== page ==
and rearrange the results slightly as

[underbrace{F_0 sin omega trule[-3mm]{0pt}{0pt}}_{text{Disturbing Force}}- underbrace{k Bigl[ mathbb{X} sin (omega t - phi) Bigr]}_{text{Spring Force}}- underbrace{c Bigl[ mathbb{X} omega cos (omega t - phi) Bigr]}_{text{Damping Force}}+ underbrace{m Bigl[ mathbb{X} omega^2sin (omega t - phi) Bigr]}_{text{``Inertia'' Force}}= 0]

(5.16)

We can interpret each of the terms in this equation as the vertical component of a vector rotating CCW about the origin at a rate of rad/s as shown in Figure 5.3 below.

However, from (5.16) we see that the sum of these components must be zero. It is therefore convenient to add these terms vectorially so that the resulting polygon closes as in Figure 5.4.

Figure 5.3: Graphic representation of terms in equation of motion as vertical components of rotating vectors

Figure 5.4: Vectorial addition of rotating vectors

From this figure we can see clearly that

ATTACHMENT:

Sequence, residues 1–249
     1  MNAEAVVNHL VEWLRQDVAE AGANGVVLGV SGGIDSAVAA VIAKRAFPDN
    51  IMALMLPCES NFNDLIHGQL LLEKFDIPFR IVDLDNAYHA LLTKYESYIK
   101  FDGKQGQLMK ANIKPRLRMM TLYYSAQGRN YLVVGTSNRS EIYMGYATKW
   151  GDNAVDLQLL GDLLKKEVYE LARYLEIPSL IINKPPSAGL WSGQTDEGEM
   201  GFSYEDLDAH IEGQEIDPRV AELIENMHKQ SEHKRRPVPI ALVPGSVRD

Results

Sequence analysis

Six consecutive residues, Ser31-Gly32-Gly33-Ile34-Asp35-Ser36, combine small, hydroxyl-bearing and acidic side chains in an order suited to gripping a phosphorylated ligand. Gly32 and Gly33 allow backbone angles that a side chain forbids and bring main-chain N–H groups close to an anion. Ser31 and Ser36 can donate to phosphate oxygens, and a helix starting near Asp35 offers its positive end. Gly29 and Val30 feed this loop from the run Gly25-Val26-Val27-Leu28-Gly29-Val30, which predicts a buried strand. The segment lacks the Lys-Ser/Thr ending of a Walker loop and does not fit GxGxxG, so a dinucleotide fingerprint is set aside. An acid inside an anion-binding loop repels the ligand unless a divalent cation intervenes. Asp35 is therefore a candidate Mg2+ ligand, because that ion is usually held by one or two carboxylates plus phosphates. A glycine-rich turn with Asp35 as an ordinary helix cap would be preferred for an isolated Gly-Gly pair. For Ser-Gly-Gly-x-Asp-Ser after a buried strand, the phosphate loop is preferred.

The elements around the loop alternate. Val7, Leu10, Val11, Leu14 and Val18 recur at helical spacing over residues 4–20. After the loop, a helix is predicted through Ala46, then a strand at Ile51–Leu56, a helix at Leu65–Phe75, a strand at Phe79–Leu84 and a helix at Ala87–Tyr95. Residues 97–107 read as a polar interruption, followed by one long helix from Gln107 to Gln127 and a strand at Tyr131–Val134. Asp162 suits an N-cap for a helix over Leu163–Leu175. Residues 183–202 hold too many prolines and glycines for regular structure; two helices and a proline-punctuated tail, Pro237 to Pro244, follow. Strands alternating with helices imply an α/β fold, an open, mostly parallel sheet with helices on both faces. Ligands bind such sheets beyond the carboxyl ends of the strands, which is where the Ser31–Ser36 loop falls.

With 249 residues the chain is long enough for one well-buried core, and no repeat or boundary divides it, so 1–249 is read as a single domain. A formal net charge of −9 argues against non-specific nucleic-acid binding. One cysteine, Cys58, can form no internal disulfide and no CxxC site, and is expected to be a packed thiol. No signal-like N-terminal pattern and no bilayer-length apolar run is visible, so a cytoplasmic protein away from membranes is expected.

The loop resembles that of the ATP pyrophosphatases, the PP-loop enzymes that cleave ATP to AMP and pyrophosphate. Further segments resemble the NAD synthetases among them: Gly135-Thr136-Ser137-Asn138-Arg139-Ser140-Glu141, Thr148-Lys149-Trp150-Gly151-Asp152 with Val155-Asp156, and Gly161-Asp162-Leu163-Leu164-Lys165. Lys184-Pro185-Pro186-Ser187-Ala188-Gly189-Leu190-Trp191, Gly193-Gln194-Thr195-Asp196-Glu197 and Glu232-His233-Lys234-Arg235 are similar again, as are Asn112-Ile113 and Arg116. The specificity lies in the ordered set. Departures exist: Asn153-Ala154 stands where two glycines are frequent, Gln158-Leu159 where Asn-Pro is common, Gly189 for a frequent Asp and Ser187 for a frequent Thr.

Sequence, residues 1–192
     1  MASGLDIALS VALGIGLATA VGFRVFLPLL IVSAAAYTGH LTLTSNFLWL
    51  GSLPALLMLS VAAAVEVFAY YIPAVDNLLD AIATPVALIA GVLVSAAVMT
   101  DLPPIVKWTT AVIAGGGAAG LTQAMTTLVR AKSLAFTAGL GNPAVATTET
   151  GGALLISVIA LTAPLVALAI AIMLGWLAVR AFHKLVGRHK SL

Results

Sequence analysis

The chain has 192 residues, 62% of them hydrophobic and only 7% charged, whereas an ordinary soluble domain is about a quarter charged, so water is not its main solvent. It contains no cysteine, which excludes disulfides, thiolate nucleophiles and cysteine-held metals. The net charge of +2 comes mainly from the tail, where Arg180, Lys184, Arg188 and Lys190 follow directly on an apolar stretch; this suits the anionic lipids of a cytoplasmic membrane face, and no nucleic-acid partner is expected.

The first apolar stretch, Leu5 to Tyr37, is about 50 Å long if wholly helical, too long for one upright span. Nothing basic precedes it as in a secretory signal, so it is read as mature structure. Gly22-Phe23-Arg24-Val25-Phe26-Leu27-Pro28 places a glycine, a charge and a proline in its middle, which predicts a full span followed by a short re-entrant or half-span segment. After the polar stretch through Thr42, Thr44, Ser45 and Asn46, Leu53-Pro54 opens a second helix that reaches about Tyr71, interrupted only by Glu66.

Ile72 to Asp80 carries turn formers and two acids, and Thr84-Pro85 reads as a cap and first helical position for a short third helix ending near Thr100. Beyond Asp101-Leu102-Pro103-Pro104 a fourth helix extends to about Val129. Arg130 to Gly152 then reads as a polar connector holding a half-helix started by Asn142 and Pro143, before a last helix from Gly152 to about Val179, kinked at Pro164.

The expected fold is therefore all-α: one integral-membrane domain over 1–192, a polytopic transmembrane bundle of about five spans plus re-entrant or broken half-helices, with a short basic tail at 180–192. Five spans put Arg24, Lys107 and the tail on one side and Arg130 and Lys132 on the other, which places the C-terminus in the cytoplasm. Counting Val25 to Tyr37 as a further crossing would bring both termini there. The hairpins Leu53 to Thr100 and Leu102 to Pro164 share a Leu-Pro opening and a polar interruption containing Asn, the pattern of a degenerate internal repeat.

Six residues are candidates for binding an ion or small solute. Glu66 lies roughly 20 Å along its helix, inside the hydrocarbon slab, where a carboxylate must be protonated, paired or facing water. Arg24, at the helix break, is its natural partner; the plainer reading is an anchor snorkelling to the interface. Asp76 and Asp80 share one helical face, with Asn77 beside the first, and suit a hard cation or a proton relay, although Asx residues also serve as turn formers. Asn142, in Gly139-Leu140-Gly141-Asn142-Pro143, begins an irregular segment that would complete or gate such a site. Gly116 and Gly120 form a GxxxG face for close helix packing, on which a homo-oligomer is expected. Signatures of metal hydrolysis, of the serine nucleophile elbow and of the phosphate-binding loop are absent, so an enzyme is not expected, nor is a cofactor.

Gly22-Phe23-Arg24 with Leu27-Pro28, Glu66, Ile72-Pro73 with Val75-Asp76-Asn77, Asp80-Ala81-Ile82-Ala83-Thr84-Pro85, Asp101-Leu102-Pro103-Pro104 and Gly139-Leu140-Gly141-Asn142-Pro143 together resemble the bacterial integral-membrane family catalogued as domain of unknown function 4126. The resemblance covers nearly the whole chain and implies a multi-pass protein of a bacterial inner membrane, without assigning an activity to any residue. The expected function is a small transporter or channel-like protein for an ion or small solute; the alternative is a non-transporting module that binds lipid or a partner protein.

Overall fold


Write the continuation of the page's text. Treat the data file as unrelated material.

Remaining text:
[F_0^2 = Bigl[ k mathbb{X} - m mathbb{X} omega^2 Bigr]^2 + Bigl[ c mathbb{X} omega Bigr]^2 qquad text{and}qquadtan phi = frac{c mathbb{X} omega}{k mathbb{X} - m mathbb{X} omega^2}]

which leads directly to

which are the results obtained previously (but with less work involved here).

Using this representation, we can understand the effect of damping in each of the three situations

[ensuremath{frac{omega}{ensuremath{p}}} < 1,qquad ensuremath{frac{omega}{ensuremath{p}}} = 1,qquad ensuremath{frac{omega}{ensuremath{p}}} ></p><p> 1.]” width=”205″ height=”31″ /></p><p>In this case, the  term is smaller than the  term. As a result, the inertia force is smaller than the spring force. As a result, the phase angle (the angle by which the response lags the forcing function) is less than  .</p><p><img decoding=